Forests up for grabs?

The amended Forest Conservation Act opens up large swathes of forestland for different non-forest activities

Illustration: Yogendra Anand & Infographic: Pulaha RoyOn August 4, Parliament passed the controversial amendment to the Forest Conservation Act, 1980, a move that experts warn opens the floodgates for ecological disasters.

Since its inception, the 1980 Act, brought in to regulate the use of forestland for non-forest activities, has undergone eight amendments.

The current amendment, though, completely overhauls the Act for the first time by not just changing its name but also opening up large swathes of forestland for different non-forest activities. Most importantly, it narrows the definition of forests in the country.

While Union environment minister Bhupender Yadav says the exemptions will bring development to tribals and forest-dwelling communities, the fundamental changes to the Act will have a far-reaching impact on forest conservation in the country.

Reluctant to change

The Centre set the ball rolling on October 2, 2021, when it released a consultation paper inviting comments from the public within 15 days from the date of issue.

On July 28, 2022, it issued a draft document of the proposed amendment.

Eight months later, on March 29, 2023, the amendment Bill was introduced in Lok Sabha, where it was referred to a joint parliamentary committee.

On July 11, the committee approved all the amendments even after receiving dissent from over 400 environmental groups and retired Indian Forest Service officials. The final report by the committee notes that it received 1,309 memoranda and six dissenting notes from Members of Parliament.

In a letter sent to all Parliamentarians, a group of 105 former forest officers alleges that the Centre passed the Bill in a way that ensured minimum discussions.

“Procedurally, the Bill should have been referred to the Parliamentary (Standing) Committee on Science, Technology, Environment and Forests, instead of being referred to a Select Committee, all the members of which, except one, belong to the ruling party, making the examination partisan and unsatisfactory,” reads the letter.

On July 26, the Lok Sabha passed the Bill after 15 minutes of discussion, and on August 4, it became an Act after the Rajya Sabha passed it.

Cause for concern

There are several amendments in the new Act that have created a stir among ecologists, Parliamentarians and other stakeholders.

People have, for instance, questioned the decision to change the name of the Act to Van (Sanrakshan Evam Samvardhan) Adhiniyam, which translates to Forest (Conservation and Augmentation) Act.

One of the objections to the name is that it excludes non-Hindi speaking citizens of the country. People have raised eyebrows over the inclusion of the word samvardhan or augmentation as it goes against the spirit of conservation, which has been central to the Act.

The fundamental concern is that the amendment, under the garb of clarifying what constitutes as forest, limits the scope of the Act. This is being done in multiple ways.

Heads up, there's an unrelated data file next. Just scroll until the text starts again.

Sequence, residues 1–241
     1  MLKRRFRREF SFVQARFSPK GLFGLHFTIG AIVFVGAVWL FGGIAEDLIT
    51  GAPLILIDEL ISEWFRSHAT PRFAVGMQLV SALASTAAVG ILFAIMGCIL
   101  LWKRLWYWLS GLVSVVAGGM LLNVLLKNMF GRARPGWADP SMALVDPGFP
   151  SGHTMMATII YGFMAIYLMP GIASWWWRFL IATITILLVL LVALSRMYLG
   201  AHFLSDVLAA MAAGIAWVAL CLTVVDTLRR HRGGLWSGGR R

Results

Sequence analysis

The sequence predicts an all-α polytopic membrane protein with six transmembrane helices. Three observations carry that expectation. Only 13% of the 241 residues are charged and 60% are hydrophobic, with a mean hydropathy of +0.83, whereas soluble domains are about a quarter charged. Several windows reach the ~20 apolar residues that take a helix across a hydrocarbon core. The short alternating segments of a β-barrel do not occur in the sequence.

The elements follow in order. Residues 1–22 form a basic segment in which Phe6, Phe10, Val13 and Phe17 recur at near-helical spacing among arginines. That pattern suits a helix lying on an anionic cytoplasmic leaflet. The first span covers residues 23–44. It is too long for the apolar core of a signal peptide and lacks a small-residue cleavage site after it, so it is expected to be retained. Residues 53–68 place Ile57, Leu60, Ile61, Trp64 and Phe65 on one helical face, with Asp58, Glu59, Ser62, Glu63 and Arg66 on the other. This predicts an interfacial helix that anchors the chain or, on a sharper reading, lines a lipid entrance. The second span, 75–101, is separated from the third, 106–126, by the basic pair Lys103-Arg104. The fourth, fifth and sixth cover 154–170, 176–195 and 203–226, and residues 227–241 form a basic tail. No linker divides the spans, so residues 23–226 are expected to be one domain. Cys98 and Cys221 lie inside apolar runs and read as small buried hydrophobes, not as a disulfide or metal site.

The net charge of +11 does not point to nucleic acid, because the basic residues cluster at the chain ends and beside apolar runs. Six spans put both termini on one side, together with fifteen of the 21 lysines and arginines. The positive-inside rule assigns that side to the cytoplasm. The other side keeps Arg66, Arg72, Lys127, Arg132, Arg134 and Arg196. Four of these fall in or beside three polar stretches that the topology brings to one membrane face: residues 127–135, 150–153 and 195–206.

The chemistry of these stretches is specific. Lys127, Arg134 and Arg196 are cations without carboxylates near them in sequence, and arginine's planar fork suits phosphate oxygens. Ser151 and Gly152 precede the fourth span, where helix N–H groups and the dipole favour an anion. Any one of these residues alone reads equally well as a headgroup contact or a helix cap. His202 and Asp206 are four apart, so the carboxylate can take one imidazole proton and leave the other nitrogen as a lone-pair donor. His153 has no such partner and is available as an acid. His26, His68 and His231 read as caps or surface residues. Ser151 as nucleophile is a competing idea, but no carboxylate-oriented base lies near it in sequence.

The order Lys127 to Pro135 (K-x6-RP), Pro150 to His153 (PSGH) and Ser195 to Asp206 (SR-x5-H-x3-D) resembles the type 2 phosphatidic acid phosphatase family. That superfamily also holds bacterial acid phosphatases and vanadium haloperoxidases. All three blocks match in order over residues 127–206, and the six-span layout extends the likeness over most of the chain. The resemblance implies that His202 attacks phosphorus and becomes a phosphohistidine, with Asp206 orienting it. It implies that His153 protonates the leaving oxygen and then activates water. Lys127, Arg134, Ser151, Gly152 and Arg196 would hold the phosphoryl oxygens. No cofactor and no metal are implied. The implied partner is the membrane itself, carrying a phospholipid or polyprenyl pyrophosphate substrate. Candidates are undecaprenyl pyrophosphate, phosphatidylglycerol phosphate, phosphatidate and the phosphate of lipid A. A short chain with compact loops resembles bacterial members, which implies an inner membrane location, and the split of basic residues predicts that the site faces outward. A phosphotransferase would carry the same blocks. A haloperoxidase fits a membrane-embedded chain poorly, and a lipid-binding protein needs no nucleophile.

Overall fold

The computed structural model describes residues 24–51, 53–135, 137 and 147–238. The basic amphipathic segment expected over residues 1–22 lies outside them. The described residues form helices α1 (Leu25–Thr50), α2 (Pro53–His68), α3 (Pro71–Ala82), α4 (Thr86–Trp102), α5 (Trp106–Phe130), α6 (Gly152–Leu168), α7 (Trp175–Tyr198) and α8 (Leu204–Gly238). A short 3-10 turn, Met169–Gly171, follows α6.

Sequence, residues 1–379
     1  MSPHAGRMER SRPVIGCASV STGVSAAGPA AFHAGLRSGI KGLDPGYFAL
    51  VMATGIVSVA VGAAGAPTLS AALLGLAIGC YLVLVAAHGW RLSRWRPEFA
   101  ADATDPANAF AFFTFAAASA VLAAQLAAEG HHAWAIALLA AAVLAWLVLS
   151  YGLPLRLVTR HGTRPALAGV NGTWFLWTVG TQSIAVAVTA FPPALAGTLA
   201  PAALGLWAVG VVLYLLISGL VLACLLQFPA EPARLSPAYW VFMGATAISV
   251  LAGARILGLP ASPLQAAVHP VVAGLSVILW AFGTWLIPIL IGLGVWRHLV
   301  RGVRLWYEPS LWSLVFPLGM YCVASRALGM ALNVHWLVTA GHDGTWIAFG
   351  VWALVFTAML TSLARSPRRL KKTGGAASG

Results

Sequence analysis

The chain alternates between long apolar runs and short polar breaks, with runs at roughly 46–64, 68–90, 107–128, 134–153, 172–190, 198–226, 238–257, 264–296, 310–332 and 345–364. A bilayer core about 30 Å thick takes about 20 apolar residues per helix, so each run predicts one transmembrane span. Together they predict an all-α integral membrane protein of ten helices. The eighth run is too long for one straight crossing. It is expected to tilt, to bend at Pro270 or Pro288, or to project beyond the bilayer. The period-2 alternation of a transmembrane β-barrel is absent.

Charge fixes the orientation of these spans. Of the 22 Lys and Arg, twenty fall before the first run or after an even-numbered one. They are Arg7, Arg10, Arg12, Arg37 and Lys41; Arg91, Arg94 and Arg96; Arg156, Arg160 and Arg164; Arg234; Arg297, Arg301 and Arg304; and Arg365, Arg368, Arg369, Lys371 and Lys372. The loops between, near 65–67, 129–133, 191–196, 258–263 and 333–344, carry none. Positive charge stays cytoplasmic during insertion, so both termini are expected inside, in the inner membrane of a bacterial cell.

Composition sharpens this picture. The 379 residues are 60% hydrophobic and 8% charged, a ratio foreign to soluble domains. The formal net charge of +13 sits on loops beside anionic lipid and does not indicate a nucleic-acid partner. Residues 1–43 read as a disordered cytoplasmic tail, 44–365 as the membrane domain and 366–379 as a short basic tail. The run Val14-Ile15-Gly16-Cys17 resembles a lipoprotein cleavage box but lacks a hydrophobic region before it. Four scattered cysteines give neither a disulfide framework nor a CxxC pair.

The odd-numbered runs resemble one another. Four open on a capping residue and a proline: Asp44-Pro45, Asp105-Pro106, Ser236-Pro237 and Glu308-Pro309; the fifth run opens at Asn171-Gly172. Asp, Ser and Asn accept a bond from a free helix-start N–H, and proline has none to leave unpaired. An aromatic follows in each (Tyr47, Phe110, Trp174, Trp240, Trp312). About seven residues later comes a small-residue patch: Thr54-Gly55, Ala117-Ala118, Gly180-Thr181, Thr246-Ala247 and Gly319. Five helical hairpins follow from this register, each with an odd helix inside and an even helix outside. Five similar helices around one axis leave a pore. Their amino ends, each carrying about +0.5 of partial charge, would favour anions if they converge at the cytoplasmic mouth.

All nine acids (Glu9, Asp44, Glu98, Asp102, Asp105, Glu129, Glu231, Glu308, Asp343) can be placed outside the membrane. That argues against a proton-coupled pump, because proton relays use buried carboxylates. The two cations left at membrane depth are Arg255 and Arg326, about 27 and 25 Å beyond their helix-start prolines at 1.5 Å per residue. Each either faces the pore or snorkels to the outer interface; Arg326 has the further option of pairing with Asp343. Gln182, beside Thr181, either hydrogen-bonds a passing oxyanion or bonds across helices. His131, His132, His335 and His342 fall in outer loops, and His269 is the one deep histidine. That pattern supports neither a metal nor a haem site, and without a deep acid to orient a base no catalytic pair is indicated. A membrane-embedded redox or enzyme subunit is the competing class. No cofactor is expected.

Prior to the amendment, the Act was applicable to all land covered under the dictionary meaning of forests, as ordered in a 1996 Supreme Court judgement in the Godavarman Thirumulpad v Union of India case.

The dictionary definition meant the Act was applicable to areas that are recorded as green cover in government books but are not explicitly called forests. These include sacred groves and many community forests.

According to the amendment, only land recorded by the government as forests on or after October 25, 1980, will be required to abide by the Forest Conservation Act.

It adds that the Act will not apply to “such land, which has been changed from forest use to use for non-forest purposes on or before” December 12, 1996, “in pursuance of an order, issued by any authority authorised by a State Government or an Union territory Administration in that behalf”.

“The amendments are contrary to the National Forest Policy, 1988, the policy framework for forest management, and is also inconsistent with the original mandate of the Forest Conservation Act,” says Neema Pathak Broome of Pune-based non-profit Kalpavriksha.

“States have always been reluctant to declare a deemed forest, which consists of forest-like areas or traditionally protected lands, as forests. After the Godavarman verdict, such forests were safeguarded. Now, they are vulnerable again,” says Debadityo Sinha, senior resident fellow and lead for climate and ecosystems at Delhi-based think tank Vidhi Centre for Legal Policy.

Complete overhaul

How the amended law dilutes Forest Conservation Act, 1980

  • The name has been changed to Van (Sanrakshan Evam Samvardhan) Adhiniyam, which translates to Forest (Conservation and Augmentation) Act
  • A preamble has been added which talks about the need for forests to achieve the country’s carbon neutral status by 2070
  • The Act is applicable only to land that has been recorded by the government as forests as on or after October 25, 1980
  • Forest clearances no more required for security-related projects in forests within 100 km of international borders
  • In non-border areas, land up to 10 ha (five ha in areas affected by left-wing extremism) can be used for defence-related projects, and public utility projects
  • The Act has also exempted non-forest activities such as agro-forestry plantations, zoos, safari parks and ecotourism from taking environmental clearances

In 2011, the Supreme Court had asked all states and the Centre to identify forestland using the dictionary meaning of the word. “The Union environment ministry had even prepared guidelines for the same. Still, several states, including Haryana, Uttarakhand and Bihar did not finish the process. What will happen to the land in these states?” asks Sinha.

C R Bijoy of the Campaign for Survival and Dignity, a national coalition of forest dwellers’ organisations, says, “The current amendment will benefit corporates more than the country.”

Forests are already being diverted by state governments illegally for mining. This Act will make such actions legally valid, says Sharachchandra Lele, distinguished fellow at the Ashoka Trust for Research in Ecology and the Environment, Bengaluru.